Scott’s Porage Oats Man: Who is he? Why was he replaced? Game of Thrones ties explained
For almost a century and a half, Scott’s Porage Oats have been one of Scotland’s best loved brands, yet the dashing Scotsman or porridge’s ‘poster boy’ remains a mystery to many.
As the company confirms on their Facebook page: “Scott’s Porage Oats have been milled in Scotland since 1880.” Iconic Scottish products like Scotch, Irn-Bru and Haggis aside, it makes sense why this porridge is one of the most famous brands of the nation given that it has withstood the test of time going on a century and a half.
That said, as The National reported last year: “Scots have been eating porridge for 5500 years, according to new research which traced the national dish back to Stone Age settlers in the Outer Hebrides.”
So, a propensity for porridge is apparently just one of many Scottish quirks. The success of Scott’s Porage Oats runs deeper than that, however. In the classic tartan kilt attire closely associated with the Scottish Highlands, the brand benefitted from the branding of a dashing Scotsman who is throwing the shot put; a sport that features in the Highland Games.
Handsome, strong, and ‘quintessentially’ Scottish, it is of little surprise that this ‘poster boy’ proved popular in upholding the brand. Yet, in recent years, the product’s marketing team have offered a ‘makeover’ to the design that was widely criticised by consumers. It also reignited the question of who is the Scott’s Porage Oats man (and who was he replaced by?)
Here is everything we know about the face of Scott’s Porage Oats, when he was replaced, and the brand’s impact on wider pop culture including big franchises like Game of Thrones.
Who is the Scott’s Porage Oats man?
Scott’s Porage Oats ran a popular advertising campaign in the UK from the late 1990s to early 2000s in which Rory McCann, best known for portraying “The Hound” on the hit HBO series Game of Thrones, donned a kilt and became known as the “face” of the brand.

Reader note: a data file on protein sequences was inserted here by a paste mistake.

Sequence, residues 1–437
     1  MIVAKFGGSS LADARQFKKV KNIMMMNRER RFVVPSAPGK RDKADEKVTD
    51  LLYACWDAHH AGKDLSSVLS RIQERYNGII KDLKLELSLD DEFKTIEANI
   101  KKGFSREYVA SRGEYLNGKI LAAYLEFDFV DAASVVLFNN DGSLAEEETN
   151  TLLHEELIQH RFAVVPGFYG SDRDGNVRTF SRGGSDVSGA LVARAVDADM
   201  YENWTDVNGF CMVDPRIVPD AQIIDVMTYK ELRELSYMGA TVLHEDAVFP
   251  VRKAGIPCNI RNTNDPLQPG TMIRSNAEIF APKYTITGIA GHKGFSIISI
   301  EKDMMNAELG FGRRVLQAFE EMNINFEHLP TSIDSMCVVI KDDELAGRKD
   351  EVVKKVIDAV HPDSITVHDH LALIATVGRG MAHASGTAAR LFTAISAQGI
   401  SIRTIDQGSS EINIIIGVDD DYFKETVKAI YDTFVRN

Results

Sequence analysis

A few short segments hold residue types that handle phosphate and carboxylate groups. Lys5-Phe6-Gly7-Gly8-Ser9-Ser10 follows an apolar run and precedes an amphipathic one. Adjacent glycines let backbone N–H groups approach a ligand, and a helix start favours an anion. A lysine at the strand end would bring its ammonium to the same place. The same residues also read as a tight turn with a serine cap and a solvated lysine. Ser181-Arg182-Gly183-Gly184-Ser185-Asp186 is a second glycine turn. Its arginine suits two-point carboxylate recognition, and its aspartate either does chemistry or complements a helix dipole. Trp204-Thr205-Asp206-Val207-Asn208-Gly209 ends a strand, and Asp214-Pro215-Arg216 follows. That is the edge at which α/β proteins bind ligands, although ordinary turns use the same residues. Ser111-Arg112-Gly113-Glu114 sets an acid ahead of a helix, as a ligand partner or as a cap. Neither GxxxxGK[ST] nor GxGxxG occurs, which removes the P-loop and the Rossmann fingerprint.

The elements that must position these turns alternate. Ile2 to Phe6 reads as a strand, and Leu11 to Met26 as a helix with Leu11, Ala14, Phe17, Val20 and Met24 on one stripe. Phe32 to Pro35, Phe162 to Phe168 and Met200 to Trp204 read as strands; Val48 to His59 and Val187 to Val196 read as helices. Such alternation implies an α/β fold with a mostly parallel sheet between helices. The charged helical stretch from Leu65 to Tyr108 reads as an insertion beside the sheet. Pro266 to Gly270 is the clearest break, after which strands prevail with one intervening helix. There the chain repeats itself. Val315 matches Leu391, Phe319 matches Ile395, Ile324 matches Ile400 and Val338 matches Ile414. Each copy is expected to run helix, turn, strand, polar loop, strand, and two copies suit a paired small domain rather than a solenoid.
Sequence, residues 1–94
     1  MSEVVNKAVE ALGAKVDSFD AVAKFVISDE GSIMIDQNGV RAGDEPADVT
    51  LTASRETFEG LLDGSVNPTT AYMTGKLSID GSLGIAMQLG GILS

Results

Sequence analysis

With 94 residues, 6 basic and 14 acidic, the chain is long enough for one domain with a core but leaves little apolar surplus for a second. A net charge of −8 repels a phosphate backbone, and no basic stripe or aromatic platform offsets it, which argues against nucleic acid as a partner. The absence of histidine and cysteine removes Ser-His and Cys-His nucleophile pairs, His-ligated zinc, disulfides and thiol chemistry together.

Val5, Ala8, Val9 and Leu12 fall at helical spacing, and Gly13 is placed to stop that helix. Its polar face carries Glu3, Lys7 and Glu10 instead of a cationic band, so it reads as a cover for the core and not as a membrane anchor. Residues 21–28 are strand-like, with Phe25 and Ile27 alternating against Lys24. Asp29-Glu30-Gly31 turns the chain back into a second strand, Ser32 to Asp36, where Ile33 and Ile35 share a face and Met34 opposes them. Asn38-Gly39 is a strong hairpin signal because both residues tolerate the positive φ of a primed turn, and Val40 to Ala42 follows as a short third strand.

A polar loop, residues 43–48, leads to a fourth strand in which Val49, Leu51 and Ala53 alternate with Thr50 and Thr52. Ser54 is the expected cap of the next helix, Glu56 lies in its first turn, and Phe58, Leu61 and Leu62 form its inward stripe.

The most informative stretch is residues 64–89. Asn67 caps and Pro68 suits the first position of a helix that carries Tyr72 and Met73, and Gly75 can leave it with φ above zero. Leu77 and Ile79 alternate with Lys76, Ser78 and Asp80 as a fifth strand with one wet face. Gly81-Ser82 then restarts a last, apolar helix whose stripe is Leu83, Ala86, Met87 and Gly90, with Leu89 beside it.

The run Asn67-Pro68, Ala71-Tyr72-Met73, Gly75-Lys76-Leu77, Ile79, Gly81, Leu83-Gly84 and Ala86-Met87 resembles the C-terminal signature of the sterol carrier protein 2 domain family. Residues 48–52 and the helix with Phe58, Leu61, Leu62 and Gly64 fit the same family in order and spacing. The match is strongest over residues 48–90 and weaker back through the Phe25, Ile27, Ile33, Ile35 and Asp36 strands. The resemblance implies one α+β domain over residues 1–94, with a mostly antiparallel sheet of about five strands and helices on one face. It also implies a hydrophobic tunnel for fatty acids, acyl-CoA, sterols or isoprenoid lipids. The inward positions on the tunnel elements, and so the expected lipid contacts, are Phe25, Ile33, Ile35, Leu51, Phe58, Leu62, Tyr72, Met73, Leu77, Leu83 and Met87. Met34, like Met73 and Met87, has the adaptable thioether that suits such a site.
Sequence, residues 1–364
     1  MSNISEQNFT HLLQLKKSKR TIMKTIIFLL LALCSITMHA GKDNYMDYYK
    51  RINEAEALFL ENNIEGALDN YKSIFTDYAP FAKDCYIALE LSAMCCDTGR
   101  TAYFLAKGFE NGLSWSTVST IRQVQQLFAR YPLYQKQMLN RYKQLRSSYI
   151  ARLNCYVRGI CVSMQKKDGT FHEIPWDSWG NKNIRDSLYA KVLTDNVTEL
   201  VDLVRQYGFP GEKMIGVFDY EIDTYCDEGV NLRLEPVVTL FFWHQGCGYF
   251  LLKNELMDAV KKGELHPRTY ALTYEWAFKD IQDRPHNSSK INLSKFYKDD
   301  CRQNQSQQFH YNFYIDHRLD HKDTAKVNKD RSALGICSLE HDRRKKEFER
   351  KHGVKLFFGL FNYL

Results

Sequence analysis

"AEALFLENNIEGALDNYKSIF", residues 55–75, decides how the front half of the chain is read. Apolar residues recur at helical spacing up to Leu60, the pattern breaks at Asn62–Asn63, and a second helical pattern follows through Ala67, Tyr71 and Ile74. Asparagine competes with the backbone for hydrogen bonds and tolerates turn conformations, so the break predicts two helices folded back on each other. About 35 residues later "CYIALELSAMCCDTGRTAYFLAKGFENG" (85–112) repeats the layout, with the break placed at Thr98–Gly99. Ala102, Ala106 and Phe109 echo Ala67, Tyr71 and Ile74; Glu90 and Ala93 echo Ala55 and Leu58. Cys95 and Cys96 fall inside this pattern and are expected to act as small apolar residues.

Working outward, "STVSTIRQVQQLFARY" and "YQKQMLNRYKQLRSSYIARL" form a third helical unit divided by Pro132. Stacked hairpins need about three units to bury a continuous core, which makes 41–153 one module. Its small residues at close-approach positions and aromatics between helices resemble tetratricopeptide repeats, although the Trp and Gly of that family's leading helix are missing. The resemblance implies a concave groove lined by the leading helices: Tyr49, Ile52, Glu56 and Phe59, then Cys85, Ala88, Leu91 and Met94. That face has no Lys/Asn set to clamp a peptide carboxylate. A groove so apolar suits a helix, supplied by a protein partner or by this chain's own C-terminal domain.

In the 2010 advertisement another familiar face assumed the role. This was Thom Evans; a Scottish Rugby Player. However, these two were only used in the porridge’s adverts and, in fact, the handsome Scottish model on the box dated back way before their appearances.
Reportedly, it was based on Jay Scott; a champion of the World Highland Games who lived on Inchmurrin Island (Scottish Gaelic: Innis Mhearain) within Loch Lomond. As written on the Scotsman Food and Drink: “6ft 2in Jay Scott enjoyed worldwide fame in the 1950s and 1960s as a Highland Games heavyweight champion, his prodigious talents even attracted the attention of Hollywood bombshell Jayne Mansfield.
“Rumour has it, though, that he didn’t know his image was being used by the porridge company.
“According to son Rob, the first his dad knew about his picture being on the cereal packet was when a friend spotted it in a shop.
“And, at the time, there were rumours that he didn’t receive any payment from the oats company for the use of his image.
"I think he only got a one-off payment when he approached them," says Rob.”
When was the model changed?
Much to the displeasure of buyers, in 2021 the Scott’s Porage Oats design was changed. That year, the Daily Mirror wrote: “Scots are up in arms after a traditional porridge brand revamped its packaging and dumped its iconic cover man for a younger model.”
They continue: “Gone is the muscular, square-jawed image of Highland Games legend Jay Scott…
“In its place is a slimline, pouting version who looks as if he could be hailing a taxi while taking a call.”
On top of changing the tartan and text from “original” to “old-fashioned”, it was also noted that the new model had less muscular definition on his pectorals.
Why did Scott’s Porage Oats choose this?
Better Retailing reports that the portfolio and innovation brand manager for Scott’s Oats, Heather Doyle, said: “Over the last year, we’ve seen consumers continue to appreciate authentic brands and products.
“Scott’s is loved for its established Scottish heritage and simple, high-quality product.
“Our Oats have been milled in Scotland since 1880 and this is something we wanted to celebrate.
“The new look will help to give our traditional image a modern twist for added stand-out on shelf but also shares more of our personality.”
How did buyers react?
Despite the launch of Scott’s Porage Oats’ design revamp being done, reportedly, to celebrate the product’s “Scottish heritage and authenticity”, the sentiment was widely not echoed by consumers with a resounding “och aye the no.”
Noting a reduction in visible muscle mass, some buyers criticised the new model for looking more ‘feeble’ in comparison. Others, observing a difference in age as the new design appeared younger than the original, spoke of ‘ageism’ and their concern that it undermined their older clientele.
Nevertheless, Scott’s said: “While the design has evolved over the years, we have always stayed true to the Scottish spirit of the brand.
“We’ve had some great feedback on our latest design inspired by recent images of Scottish shot-putters in the Highland games.”
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